I haven’t posted anything for a while now, and after hours of trying to find a solution to my problem, I thought I should share. So here we go.
Your nice and shiny iOS app is supposed to have two data components : User data and Seed data. For example, you want to have some (seeded) list of postcodes. The size of data is too big to be shipped with your app, and we assume that the model is too complex to be just filled by your application at runtime from a downloaded csv/txt file.
So, you start thinking that hey, you’ll generate a sqlite database (persistent data store as they say), put it on a server and have your app download and use it.
You can either duplicate the whole stack (
NSManagedObjectModel) or, according to apple :
You typically use configurations if you want to store different entities in different stores. A persistent store coordinator can only have one managed object model, so by default each store associated with a given coordinator must contain the same entities. To work around this restriction, you can create a model that contains the union of all the entities you want to use. You then create configurations in the model for each of the subsets of entities that you want to use. You can then use this model when you create a coordinator. When you add stores, you specify the different store attributes by configuration. When you are creating your configurations, though, remember that you cannot create cross-store relationships.
We want to have two separate models (because that’s the way it is, or because your seed data can be used in apps that have nothing to do with this one). Let’s create two models in xcode (I’ll be using dumb Model, Conf suffixes just to help understanding) :
- Our UserModel model has one entity
Ratingwith two attributes :
- Our PostCodesModel model has two entities
postcodeattribute, and let’s say some location and address attributes), and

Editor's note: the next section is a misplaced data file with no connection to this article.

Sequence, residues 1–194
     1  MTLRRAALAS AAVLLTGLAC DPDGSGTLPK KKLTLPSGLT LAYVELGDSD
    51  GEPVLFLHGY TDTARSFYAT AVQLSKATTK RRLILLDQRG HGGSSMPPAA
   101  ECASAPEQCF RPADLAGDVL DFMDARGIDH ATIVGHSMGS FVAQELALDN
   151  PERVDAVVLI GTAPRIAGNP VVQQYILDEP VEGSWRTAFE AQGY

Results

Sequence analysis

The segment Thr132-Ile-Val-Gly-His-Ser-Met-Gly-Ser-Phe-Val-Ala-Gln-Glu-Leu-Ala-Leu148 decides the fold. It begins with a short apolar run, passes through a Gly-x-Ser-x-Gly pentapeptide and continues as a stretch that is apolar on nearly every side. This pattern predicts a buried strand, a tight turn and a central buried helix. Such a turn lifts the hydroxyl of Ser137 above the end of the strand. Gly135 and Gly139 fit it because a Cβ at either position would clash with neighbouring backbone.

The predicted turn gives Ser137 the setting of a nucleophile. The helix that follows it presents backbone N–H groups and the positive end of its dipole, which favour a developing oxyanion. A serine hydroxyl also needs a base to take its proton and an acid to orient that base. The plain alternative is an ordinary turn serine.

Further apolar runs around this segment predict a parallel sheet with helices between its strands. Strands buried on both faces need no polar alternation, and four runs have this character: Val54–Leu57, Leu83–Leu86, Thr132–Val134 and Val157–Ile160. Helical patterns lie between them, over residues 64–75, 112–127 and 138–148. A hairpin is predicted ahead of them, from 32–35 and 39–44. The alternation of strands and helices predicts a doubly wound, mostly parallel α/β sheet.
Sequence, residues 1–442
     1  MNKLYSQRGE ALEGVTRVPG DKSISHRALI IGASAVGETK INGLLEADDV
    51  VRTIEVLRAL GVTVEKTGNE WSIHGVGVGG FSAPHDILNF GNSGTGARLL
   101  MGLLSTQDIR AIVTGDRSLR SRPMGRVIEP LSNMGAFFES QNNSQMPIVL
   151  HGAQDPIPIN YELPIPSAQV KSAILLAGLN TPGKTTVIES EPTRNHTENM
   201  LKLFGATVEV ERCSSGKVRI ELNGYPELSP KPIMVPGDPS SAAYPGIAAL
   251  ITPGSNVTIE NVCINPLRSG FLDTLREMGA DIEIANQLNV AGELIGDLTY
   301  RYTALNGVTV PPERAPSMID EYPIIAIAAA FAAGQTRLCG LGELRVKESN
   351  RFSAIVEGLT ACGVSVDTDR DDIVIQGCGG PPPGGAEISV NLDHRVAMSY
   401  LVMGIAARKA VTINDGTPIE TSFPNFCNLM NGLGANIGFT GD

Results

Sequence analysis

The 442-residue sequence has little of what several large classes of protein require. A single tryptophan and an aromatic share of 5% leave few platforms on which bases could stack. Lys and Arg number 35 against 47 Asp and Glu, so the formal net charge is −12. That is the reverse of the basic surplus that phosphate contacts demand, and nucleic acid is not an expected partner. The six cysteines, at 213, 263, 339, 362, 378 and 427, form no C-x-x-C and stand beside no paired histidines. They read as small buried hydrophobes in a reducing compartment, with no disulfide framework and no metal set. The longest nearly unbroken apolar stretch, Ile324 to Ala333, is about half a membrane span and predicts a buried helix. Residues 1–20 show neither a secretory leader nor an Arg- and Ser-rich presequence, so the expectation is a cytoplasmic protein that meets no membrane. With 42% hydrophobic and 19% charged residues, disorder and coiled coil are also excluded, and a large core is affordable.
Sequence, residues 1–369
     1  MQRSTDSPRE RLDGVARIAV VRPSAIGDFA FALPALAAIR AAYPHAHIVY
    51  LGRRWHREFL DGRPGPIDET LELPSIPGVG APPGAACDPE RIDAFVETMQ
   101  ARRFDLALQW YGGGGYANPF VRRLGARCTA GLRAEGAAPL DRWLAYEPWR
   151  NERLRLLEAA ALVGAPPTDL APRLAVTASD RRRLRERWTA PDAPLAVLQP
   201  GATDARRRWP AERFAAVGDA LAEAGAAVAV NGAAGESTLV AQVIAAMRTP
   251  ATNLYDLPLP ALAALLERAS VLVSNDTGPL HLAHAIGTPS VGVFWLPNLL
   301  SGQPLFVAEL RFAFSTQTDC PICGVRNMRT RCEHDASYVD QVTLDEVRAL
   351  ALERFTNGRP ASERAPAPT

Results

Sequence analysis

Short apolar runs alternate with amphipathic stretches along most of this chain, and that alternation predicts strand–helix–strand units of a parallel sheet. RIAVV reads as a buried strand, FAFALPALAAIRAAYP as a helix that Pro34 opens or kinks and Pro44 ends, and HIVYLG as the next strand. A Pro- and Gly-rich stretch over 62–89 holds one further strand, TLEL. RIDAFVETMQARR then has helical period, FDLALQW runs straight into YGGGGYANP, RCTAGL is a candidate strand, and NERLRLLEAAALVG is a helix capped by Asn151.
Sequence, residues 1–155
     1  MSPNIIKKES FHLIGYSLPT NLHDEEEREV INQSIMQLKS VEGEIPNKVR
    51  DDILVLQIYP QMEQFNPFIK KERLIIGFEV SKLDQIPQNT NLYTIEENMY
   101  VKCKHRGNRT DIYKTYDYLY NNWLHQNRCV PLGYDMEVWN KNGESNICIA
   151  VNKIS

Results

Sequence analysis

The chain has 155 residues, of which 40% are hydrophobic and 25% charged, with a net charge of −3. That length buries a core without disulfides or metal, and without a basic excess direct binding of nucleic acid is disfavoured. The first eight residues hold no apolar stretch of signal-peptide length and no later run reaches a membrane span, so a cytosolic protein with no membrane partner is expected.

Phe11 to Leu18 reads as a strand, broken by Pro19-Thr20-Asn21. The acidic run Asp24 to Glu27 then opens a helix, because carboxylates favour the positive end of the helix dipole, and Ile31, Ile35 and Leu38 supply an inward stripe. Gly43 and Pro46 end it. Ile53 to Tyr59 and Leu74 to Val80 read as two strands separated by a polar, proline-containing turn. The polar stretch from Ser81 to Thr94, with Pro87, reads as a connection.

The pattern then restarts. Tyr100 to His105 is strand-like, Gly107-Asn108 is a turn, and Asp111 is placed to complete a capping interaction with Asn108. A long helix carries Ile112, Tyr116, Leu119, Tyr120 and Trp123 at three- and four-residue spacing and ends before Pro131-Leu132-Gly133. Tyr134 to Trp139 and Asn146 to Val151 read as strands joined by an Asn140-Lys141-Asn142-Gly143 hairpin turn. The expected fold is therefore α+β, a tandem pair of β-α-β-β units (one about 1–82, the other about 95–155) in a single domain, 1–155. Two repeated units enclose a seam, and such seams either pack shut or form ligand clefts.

Countiesthat which postcode belongs to which county.
We assume that we have already generated a ‘PostCodes.sqlite’ using normal core data stuff, based on
PostCodesModelonly. That’s the seed file we’ll want to download.
How it’ll work
Since we can only have one model for one
NSPersistentStoreCoordinator, we’ll need to merge our two models.
We’ll create one configuration in each model, with the entities of this model.
We’ll then add two
NSPersistentStore, one per
.sqlite file, and with a configuration set up to make sure that core data
uses the correct store for the correct entities.
We add one configuration named UserConf to our UserModel model, and drag & drop all our entities to it. We do the same with a PostCodesConf configuration for our postcodes model.
Creating a merged model
We change our
-(NSManagedObjectModel*)managedObjectModel to the following :
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Our new model should now have our three entities, and two configurations : UserConf for our
Rating entity, and PostcodesConf for the two others.
Creating a persistent store
That’s where the difficulty is. One would think that just calling
once per .sqlite file with the correct configuration would be enough. It isn’t. When you add the first one (our postcodes data),
it finds that the store (our downloaded sqlite file) wasn’t created with this model : we only used the
PostCodesModel model to create
our .sqlite file, not our merged model that we are now using.
We could then think of using migration, but then the migrated model used by core data when migrating won’t have our PostCodesConf configuration anymore. I think that’s a bug of core data. The solution is to :
- Add the
postcodes.sqlitepersistent store, without a configuration, but with the auto-migration options. Core data will figure out that his sqlite file has just some missing tables (the UserModel tables). This store needs to be writable for the migration to work properly.
- Remove our newly created persistent store (he had a default configuration, we want him to use UserConf.
- Add the same persistent store again, which has now the correct metadata and can be used with our merged model.
- The user data sqlite file is usually fine, because it’s created with the merged model anyway when the app run. If not, you could think of using this plugin architecture
Here is what I end up with :
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Well, adding a bit more information, or a sample somewhere could have been helpful, apple.